How Do You Get Ringworm
How do you get ringworm is a very common question and also one that is often asked by people who pride themselves in their hygiene and cleanliness.
There are various associations made that ringworm is somehow a dirty disease and can only be contacted by people who do not properly look after themselves.
These are misconceptions and are applicable in many ways to diseases such as scabies and eczema. Nothing could be further from the truth. The reality is that anyone can get ringworm by touching a person who has it or from contact with an infected surface.
You could well be the most healthy and hygienic person in the world. However, if you come into contact with an infected person, domestic pet, or even a surface that has been touched by someone with ringworm then you will also get it.
The Medical profession describe ringworm as a "mildly" contagious disease so that should give you a strong indication of this ailment. The bottom line however is that it has absolutely nothing to do with your own standards of personal hygiene or cleanliness. The huge majority of people get ringworm because they have come into contact with a person, a surface or an animal who is already carrying this ringworm.
How Do You Get Ringworm On Your Hands, Stomach and Body
Allow me to give you one example of how a friend of mine got ringworm and demonstrate how simple it actually is to contact this fungus. He is an avid and very keen gardener and in the early spring, he was planting some new tulip bulbs in his front garden. This was a task he had done for many years and then enjoyed the fruits of his labours for many months to come.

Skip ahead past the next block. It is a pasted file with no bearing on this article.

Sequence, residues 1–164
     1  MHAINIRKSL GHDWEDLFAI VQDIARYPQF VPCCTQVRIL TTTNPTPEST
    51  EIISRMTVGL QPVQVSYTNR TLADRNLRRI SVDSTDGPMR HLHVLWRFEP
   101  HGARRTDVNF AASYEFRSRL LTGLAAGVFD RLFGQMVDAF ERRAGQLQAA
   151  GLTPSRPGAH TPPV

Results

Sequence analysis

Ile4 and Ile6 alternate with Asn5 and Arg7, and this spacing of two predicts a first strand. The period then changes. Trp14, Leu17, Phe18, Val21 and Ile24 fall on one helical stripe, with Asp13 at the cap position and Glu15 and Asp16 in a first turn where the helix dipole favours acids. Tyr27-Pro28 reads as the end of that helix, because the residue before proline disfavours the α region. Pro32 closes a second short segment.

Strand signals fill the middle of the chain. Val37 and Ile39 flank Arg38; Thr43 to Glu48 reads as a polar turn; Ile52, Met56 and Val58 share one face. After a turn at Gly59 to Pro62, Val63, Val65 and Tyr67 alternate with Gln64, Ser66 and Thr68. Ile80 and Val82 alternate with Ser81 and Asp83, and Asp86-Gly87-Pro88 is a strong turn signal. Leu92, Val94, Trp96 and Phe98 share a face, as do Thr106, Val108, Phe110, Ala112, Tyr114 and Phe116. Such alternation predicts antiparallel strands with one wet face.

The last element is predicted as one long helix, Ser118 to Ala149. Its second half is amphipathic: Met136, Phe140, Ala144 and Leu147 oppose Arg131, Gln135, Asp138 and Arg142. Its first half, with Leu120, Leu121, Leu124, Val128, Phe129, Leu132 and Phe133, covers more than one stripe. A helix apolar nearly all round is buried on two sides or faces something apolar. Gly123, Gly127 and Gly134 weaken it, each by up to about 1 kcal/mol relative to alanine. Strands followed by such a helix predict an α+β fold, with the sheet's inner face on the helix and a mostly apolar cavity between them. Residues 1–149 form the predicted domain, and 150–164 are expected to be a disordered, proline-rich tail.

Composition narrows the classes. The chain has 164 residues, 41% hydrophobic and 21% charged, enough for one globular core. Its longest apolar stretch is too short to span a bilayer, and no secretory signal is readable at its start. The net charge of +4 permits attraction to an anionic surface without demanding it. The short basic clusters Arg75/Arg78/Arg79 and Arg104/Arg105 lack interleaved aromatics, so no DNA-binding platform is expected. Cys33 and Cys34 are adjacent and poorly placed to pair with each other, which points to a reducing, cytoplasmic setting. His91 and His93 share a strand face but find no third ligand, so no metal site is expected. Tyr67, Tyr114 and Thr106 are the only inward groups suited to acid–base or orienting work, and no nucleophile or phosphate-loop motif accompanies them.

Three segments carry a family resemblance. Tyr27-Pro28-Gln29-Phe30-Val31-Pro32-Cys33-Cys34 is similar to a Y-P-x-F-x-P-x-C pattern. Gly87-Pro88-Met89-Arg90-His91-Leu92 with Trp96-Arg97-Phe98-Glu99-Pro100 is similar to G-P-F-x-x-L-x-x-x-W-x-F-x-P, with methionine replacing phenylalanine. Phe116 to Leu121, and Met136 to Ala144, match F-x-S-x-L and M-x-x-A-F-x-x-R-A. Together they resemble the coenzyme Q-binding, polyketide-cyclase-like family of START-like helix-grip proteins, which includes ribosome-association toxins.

About a week later he noticed that the colour of his nails had started to change and had started to go a yellowish colour. He did what most people usually do and ignored it until he noticed that they started to become brittle and chalky in substance.
Only when this condition deteriorated did he eventually go to his doctor and it was then diagnosed as ringworm. He was shocked and in a state of disbelief for some time and blamed his condition on many things before the doctor actually informed him it was most likely that he had come into contact with some rat or mouse urine in the garden.
He never wore gloves to do the gardening, though needless to say he does now. I also wear gloves always these days when doing work outside. I guess that is one of life's lessons.
Other Methods of Getting Ringworm
That is only one example but more commonly ringworm is spread directly from an infected person to another human who is unaware. Kissing, holding hands and even a simple handshake is all that it takes to pass this disease from one person to another.
It is very common that if one member of the family contacts ringworm then the rest of the family will be impacted. You can have ringworm for up to four days before there are really any telltale signs.
Similarly even if a ringworm free person comes into contact with an area that an infected person has touched then that can be the vehicle for the ringworm to be transmitted. Say for example an infected person touched a cup and then someone came along behind them and picked up the same cup, then it is almost certain that person will also get ringworm.